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Review: The Whip

A reminder rife with symbolism, of a 200-year-old bailout

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Sam Bennett
The Whip 1 lo res
© Steve Tanner

When Katherine Pearce’s Horatia Poskitt is beaten up by a policeman at the close of The Whip’s first half, I confess my attention had lulled a tad. But for its slightly dryer moments, Juliet Gilkes Romero’s play – as directed by Kimberley Sykes – boasts memorable lines and fitting symbolism, whilst exploring the so-called 1834 freeing of 800,000 black people from British colonial slavery. The thrashing of Horatia (employed in the home of chief whip Alexander Boyd) comes following her calls in Hyde Park for the rights of workers and women. It is apt her speech is given from atop a soapbox, a physical representation of manual labour and working-class pursuits; it symbolises the fact she uses her own working-class background to inform what she tells the crowd. While the actor could have more fun with the character’s lighter, more humorous moments, her performance in the park alerted me, her cries following truncheon blows harrowing. Pearce also displays good chemistry with Debbie Korley, in the duo’s endearing portrayal of the blossoming relationship between the house cook and Mercy Pryce (based on Mary Prince, whose memoir, The History of Mary Prince, a West Indian Slave, was used in the campaign for abolition).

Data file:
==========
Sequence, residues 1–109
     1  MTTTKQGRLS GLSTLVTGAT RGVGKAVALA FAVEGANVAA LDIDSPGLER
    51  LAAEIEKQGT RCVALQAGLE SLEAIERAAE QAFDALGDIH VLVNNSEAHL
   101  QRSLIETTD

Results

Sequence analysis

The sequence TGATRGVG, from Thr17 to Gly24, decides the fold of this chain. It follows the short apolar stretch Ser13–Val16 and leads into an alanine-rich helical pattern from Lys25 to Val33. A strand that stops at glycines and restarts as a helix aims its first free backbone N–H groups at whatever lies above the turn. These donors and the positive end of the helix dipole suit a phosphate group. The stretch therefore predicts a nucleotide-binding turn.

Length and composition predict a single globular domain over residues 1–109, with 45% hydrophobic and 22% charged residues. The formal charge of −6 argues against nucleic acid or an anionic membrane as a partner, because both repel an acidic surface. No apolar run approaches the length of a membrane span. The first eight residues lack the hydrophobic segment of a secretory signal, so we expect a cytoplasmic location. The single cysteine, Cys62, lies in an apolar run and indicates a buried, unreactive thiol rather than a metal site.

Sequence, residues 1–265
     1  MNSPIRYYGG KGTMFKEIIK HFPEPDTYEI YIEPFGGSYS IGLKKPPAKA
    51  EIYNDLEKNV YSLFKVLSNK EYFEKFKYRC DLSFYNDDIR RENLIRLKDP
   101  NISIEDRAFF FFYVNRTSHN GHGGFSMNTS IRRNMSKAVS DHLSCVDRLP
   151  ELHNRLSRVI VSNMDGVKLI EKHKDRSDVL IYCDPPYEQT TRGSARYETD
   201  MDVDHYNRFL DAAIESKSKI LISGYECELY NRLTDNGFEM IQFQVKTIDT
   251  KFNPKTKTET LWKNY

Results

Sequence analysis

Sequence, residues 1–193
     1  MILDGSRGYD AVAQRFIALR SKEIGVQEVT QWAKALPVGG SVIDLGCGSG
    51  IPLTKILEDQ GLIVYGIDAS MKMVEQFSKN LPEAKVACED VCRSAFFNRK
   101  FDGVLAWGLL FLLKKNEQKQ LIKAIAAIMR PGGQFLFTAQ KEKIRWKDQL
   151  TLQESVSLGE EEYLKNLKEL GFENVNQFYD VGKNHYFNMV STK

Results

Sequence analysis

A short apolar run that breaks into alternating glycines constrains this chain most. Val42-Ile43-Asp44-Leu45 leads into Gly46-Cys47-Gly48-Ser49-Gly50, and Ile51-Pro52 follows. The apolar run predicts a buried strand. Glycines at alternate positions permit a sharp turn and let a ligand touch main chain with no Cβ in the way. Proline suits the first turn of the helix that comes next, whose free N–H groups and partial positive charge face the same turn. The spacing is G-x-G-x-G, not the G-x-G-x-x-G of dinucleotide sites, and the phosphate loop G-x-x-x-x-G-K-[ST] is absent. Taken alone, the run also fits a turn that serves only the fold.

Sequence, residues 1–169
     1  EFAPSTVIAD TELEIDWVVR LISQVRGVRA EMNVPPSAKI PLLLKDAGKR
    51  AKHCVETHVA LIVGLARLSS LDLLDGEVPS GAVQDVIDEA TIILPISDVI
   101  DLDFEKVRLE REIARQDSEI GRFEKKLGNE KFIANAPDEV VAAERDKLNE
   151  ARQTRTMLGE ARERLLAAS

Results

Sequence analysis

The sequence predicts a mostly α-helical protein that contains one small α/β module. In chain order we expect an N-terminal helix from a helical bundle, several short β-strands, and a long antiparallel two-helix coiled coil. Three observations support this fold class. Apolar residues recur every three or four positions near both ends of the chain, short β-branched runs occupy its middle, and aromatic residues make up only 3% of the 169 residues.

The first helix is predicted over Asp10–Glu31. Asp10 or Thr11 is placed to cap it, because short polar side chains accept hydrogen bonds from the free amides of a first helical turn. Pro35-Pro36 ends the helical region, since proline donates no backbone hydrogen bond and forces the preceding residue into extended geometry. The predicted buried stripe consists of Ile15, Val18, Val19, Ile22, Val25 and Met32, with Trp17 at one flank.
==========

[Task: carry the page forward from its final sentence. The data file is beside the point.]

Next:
We learn that one of Poskitt’s children was killed in a cotton mill. In the show’s early stages we watch the conditions of such places debated in parliament, with Boyd (Richard Clothier) then praised by the press and colleagues for his eloquent and impassioned damnation of them. His efforts in this area are abandoned though, to make way for the Abolition Bill, the deliverance of which he’s told could lead to the role of home secretary. A table used throughout the three-hour offering, is repeatedly lowered onto the stage, thus hanging high at points and representing the idea of under-the-table transactions being made in this bid to liberate slaves. We also see cast members in rags setting the stage, denoting the labour slaves are subjected to, and the production’s musicians donning the same attire – perhaps a symbol of slaves marching to the drum of their wealthy owners.

This parliamentary position is offered to Boyd by the current home secretary Lord Maybourne, played by David Birrell, for me the strongest and most consistent performer. His character’s pushing for the chief whip to take control of the Abolition Act derives from the fact the home secretary deals in slaves whereas Boyd deals in soap. With this comes one of the script’s great lines: “My hands are tied, yours are clean.” If they even are to start with, they do not remain so, for Boyd goes on to use blackmail for political gain, the darker sides of his personality believably portrayed by Clothier. At The Whip’s end Maybourne is also heard hoping that in 20 years’ time, no one will recall the bailout that went with the Abolition Bill; whereby the government compensated slave owners, borrowing money that was only paid off (partly by the taxpayer) in 2015. This RSC offering supplies a generally intriguing reminder of it 200 years on.

The Whip is at the Swan Theatre, Stratford-upon-Avon until 21 March.

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